Have you ever pushed yourself past your limits? It feels like running through hell…
This Saturday, I did something that was completely beyond my limits; both psychologically and physically. We drove our children to my sister-in-law’s house and we left for the night. No… I’m not talking about having my children babysat… what I did after that was way more demanding!
I was just starting and I thought “What in the Seven Hells…(yup, I’m currently watching Game of Thrones 😉”.
The adrenaline, the blood rushing through my veins, my heart drumming harder than an old school tune by Metallica. All this was real… a little bit too much for me at first. I pushed so hard that I visited a part of me that I didn’t even know was there.
At first, it felt like hell. How can I run 7km more after rushing so much for the first 2? I felt pain; I even crushed my knees on a rock and kept running, bleeding. On Saturday night; we ran a 9km trail. As you might already know, I started running on my treadmill at the beginning of the year. My objective is to run 10 miles (not km) per week. To date, I’m 13 miles in advance to my cumulative objective. Each Wednesday evening, my wife and I go for a 10km run. I find it relatively easy. This is why I never thought a 9km would be that hard. But the word “trail” added to the run makes it crazy hard.
It was a run through hell as my heart wanted to jump out of my chest, I fell on a huge rock and there was blood running down my leg, but at the end of the race, I. felt the most amazing feeling ever: I did it! I was proud, satisfied and completely energized. I had given so much during the race that it was like both my mind and body were completely clean. I felt very good about myself. I went through hell and finished in heaven!
I could try to describe it, but I think this video does it best:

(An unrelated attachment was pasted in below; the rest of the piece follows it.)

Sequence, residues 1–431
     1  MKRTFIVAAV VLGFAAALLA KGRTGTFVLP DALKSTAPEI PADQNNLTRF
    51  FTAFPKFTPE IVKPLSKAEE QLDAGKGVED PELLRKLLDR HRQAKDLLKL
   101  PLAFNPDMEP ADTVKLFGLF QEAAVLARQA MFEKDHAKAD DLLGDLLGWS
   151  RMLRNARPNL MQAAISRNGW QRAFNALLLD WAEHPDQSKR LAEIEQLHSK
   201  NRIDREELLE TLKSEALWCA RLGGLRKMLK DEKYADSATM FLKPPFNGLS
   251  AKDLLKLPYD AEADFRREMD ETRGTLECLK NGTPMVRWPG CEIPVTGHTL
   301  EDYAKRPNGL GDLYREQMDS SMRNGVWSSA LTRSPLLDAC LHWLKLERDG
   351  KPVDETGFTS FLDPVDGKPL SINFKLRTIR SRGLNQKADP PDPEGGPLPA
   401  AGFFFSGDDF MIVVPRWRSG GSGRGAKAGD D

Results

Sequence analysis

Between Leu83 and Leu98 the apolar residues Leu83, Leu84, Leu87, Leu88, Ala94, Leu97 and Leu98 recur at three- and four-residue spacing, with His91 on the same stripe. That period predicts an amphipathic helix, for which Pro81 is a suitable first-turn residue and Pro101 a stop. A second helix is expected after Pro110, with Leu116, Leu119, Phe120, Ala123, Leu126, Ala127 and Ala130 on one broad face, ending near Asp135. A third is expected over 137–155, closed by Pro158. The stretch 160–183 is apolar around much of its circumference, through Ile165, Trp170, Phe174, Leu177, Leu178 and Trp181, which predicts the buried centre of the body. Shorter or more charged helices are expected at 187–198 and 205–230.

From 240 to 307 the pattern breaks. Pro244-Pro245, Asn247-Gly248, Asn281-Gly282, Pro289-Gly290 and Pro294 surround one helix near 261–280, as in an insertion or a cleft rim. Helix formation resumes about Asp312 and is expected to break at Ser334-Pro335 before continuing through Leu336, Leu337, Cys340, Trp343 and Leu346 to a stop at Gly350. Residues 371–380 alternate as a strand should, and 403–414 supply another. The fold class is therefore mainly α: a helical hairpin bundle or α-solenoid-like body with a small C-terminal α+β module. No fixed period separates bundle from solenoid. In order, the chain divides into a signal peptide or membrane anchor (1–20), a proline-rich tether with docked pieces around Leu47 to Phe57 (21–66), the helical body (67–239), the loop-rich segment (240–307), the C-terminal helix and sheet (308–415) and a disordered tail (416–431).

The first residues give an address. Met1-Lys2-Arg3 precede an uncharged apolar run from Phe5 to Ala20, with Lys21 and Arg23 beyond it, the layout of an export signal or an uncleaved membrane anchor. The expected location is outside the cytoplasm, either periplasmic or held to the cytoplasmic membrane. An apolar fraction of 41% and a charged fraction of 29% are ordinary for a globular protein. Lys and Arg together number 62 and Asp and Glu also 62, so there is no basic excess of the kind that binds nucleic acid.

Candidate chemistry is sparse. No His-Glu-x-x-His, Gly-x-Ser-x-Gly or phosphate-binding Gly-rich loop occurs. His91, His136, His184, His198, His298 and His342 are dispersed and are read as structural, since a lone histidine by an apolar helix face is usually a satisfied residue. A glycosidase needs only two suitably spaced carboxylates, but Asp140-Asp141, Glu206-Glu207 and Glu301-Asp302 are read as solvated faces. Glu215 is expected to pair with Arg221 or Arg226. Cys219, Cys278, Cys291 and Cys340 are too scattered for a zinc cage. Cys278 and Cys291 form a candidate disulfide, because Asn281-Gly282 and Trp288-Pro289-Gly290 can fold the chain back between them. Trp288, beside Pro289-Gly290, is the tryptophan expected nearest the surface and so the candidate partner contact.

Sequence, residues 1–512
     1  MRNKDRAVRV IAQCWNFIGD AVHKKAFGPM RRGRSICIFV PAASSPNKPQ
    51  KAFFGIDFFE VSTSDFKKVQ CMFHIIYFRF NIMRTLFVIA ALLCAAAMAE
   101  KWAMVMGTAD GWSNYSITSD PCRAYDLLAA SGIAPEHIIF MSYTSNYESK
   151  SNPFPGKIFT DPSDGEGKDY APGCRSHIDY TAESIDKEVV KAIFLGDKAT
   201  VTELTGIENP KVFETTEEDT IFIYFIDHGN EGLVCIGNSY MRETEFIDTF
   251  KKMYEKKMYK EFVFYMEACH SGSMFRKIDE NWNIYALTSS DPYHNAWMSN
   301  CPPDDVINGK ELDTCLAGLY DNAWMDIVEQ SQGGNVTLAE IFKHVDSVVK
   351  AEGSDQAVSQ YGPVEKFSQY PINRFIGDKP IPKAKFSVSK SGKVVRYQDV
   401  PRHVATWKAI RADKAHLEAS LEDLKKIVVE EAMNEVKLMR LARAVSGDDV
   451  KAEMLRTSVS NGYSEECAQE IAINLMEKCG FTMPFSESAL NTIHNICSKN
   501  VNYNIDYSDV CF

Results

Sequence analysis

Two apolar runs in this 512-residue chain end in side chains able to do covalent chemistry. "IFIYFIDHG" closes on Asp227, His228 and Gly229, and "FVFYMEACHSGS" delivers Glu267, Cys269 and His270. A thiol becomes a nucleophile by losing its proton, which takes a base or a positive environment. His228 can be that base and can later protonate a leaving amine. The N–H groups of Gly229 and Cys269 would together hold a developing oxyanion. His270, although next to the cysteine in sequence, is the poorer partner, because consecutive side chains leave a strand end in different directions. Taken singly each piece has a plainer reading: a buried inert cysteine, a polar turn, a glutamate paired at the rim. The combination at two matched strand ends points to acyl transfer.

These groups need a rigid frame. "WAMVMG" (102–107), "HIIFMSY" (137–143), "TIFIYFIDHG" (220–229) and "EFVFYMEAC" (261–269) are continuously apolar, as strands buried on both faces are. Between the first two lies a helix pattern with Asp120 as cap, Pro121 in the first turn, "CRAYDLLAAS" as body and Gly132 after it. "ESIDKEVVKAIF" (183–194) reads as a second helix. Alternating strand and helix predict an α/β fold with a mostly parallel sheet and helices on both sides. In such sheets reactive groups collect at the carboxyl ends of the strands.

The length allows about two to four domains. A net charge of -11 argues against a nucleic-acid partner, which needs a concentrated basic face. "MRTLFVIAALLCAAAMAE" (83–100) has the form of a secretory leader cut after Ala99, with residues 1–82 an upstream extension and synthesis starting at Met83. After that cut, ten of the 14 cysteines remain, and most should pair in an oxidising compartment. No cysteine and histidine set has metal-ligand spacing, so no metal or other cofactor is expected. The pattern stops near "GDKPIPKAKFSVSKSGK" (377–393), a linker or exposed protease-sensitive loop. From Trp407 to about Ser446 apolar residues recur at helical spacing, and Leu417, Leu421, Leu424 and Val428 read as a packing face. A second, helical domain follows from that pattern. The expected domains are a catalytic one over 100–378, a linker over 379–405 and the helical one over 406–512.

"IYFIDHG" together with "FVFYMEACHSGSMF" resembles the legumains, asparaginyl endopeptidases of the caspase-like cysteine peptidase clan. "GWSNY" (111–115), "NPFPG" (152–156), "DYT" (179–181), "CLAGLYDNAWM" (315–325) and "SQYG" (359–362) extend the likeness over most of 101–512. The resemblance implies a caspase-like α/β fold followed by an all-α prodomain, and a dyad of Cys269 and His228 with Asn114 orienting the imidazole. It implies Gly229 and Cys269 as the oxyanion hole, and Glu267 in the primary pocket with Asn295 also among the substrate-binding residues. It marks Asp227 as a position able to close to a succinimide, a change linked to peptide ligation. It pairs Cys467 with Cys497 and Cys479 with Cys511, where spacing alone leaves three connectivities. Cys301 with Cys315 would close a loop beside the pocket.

I didn’t make it to any championship, just a “regular” trail run, but for my first run ever, it was quite a feat! When I registered to the run, I thought it was simply running through the woods. I didn’t expect running through mud holes bigger than my pool! Hahaha!
What I like about running is that you don’t need much to participate in this sport. For this run, all I needed was a good pair of shoes (that I’m ready to get rid of since I ran for an hour through mud, water and rocks!), my iPod and good headphones (I use Monster Headphones since they stick in my ears in all condition).
So there are really no excuses for not running; I saw teenagers and boomers doing this race. I watched skinny, well built and beer bellies running on that day. Funny enough, there were more women than men doing that race!
It was my first run ever and I made two major mistakes. The first one was to run like a wild dog at first and pass by as many runners as possible at first. It’s a very bad mistake since you concentrate on rushing your body in the very first minute of a run that will last about an hour. I didn’t control my heart rate and had to slow down after 2km because I was losing my breath. I was happy to never have walked throughout the whole race, but I know I burned a lot of energy for nothing at the beginning.
The second mistake I made was to rush through mud holes instead of waiting in line to cross these obstacles. Most runners slow down and almost walk on the side to avoid losing their shoes in mud pits. Since runners were slowing down, I thought it was a good opportunity to gain a few positions. Here again, I burned a lot of energy going directly into the obstacles instead of recovering by going on the sides of the path. I had plenty of time to run faster in the rest of the trail that I could have saved my energy instead of bursting every 3 minutes.
I’ve been working out for the past 5 years now and I can tell that I’m not super fit, but I’m in good shape. However, I have never been a runner. I only started this year as I truly wanted to lose weight. Registering for a run was another step in my learning curve.
I’m very proud of myself as I pushed my body beyond any limits I would normally fix for me. And this is an interesting revelation: we are the only ones to put limits on ourselves. After 2km, I really thought I would never be able to run the whole race. I was convinced I will have to stop and start walking for a while to recover. But because I was in a race and because I’m too proud to quit, I controlled my breathing throughout the rest of the run and ended-up sprinting for the last 2km.
I can now affirm that limits don’t exist. They are made up in our minds and they determine where our conscious tells us to go. But you can always do more. I’ve learned that even someone that is a go getter like me puts limits and slow down its own potential. I was surprised to see that I wasn’t going “all-in” at first and that I could go for more.
I guess it’s just a matter of taking the leap to make it happen. I now look forward to the next run!
Readers, when was the last time you pushed your limits? How does it feel?
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